A down-on-his-luck ex-con returns to New York where he must face the harsh reality of everyday life and the people who haunt him from his past. This is E.B. Hughes’ crime drama The Long Way Back.
It’s always great to have a returning filmmaker to Screen Critix and E.B. Hughes has become a regular contributor over the years. In 2017 we reviewed his Indie drama Turnabout, while last year we had a look at his mystery thriller Exit 0, which garnered more positive reviews. This time we have The Long Way Back, with Hughes giving us a more straightforward and familiar story, concerning a newly released convict and his attempts at keeping on the straight and narrow.
The Long Way Back opens on a somewhat melancholy note, with a gentle piano score and the introduction of Max, played by the softly spoken-yet-imposing Denny Dale Bess. We meet him on the day of his release from an 18-month prison sentence; he packs his bags, collects his things, walks his old neighbourhood, and moves back into a flat. We also see him inject himself with heroin and come to the conclusion that, although he is no longer a prisoner of the State, he has become a prisoner to addiction. With help from his best friend Ziggy (a warm-hearted Don Striano), Max begins to readjust and when he meets his new neighbour Sara (Reyna Kahan) he begins to believe in the possibility of redemption and a potential new life for himself with the girl next door.
As is always the case in these types of films, the path of true love hardly ever runs smooth, and with old enemies on every corner, Max is not going to find going straight easy. One such enemy is Lucius Jones, a menacing figure played very well by the brooding Mark Borkowski, who is a drug dealer and mini crime boss. Before he was sent down, Max stole $20,000 from Lucius, and when Lucius learns that Max is out of jail, he immediately begins plans to get his money back. This sets in motion the main plot, where every time Max tries to get out, his old acquaintances just keep pulling him back in.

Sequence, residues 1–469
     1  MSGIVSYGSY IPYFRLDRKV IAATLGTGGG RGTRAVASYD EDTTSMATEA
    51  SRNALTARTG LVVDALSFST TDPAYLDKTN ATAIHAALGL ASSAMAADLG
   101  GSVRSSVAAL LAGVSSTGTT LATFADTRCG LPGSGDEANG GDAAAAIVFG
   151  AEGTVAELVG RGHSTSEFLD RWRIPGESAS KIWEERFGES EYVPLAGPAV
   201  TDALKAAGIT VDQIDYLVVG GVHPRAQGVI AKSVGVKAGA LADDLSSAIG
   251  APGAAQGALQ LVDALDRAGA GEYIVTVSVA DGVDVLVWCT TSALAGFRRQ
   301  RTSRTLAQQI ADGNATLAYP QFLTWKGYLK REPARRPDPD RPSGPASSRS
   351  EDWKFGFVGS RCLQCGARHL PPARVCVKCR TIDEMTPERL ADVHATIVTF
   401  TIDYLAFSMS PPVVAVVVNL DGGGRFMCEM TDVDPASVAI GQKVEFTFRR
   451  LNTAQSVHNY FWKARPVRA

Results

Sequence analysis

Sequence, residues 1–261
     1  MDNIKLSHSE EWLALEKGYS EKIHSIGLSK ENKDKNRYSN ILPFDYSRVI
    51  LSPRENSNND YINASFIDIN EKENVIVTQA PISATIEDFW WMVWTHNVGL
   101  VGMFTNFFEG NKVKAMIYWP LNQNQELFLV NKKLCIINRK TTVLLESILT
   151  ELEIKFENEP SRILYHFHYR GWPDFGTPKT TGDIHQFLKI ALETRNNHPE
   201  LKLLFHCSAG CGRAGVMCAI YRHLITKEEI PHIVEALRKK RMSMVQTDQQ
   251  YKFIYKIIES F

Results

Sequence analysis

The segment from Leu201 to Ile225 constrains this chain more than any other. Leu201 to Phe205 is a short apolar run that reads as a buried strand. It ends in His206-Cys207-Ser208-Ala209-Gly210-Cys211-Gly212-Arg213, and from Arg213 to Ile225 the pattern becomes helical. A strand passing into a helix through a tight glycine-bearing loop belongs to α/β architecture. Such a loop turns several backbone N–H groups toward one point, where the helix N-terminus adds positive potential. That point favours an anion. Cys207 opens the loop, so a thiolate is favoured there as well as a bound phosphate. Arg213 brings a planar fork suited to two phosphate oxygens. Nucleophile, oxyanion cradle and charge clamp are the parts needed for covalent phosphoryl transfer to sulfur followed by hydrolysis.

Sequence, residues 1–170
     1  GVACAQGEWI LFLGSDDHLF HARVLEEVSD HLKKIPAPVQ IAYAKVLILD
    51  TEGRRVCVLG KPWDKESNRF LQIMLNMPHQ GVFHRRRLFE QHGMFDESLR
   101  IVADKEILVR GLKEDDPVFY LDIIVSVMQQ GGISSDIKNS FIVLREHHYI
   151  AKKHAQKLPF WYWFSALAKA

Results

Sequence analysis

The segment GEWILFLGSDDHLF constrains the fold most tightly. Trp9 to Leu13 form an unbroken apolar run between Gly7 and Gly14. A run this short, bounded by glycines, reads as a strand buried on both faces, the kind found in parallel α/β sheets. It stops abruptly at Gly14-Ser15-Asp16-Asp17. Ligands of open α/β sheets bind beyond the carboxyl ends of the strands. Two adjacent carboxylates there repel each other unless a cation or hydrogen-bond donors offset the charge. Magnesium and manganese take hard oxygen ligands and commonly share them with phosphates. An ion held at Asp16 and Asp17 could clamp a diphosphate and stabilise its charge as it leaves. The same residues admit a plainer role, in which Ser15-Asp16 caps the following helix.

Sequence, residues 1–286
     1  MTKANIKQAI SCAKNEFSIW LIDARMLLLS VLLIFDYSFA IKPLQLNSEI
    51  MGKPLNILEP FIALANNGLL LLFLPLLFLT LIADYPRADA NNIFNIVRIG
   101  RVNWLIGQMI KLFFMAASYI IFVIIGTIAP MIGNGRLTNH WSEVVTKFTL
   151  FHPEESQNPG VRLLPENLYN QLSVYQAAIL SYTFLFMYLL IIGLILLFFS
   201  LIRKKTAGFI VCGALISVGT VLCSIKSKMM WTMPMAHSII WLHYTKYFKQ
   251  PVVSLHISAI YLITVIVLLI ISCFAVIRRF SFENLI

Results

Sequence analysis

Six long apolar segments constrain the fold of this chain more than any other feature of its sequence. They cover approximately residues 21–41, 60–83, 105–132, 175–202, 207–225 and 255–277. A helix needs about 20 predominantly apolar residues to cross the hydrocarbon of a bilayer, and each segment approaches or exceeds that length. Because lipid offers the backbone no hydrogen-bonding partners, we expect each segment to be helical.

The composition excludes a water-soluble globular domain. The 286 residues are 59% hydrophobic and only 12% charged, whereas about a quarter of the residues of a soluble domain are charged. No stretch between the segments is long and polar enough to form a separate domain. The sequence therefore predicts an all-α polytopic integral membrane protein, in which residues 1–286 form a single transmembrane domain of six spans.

Although we have seen similar stories many times before, E.B. Hughes has managed to put his own spin on the subject matter. Max is an ex-con but Hughes’ script doesn’t make him a case study or an object for our sympathy; Max isn’t a particularly nice guy and makes a number of wrong decisions. However, Hughes knows exactly who Max is, while also knowing the real drama exists in Max’s mind and that his battles are with the demons in his head, not necessarily the demons on the streets. The majority of characters in The Long Way Back are generally horrible people all, that is, except for Ziggy and Sara who are willing to withhold judgement long enough to see if Max can sort himself out.
The Cinematography by William J Murray remains very simple, with the neon lights of the City at night contrasting nicely with the brightly lit bedsit and daytime shots, while his choice of framing keeps every scene close and intimate. The soundtrack by Jeff Bowron, from the opening piano work to the quieter sounds, envelope the drama. While the editing, a joint effort between cinematographer Murray and John Gill, helps the 71 minutes of the film fly by, keeping the drama and action nicely paced and easy to follow.
The Long Way Back is a familiar story told very well. It is elevated to greater heights by the performances of it’s cast and a remarkably confident director who knows exactly what he wants to achieve.
It comes Highly recommended.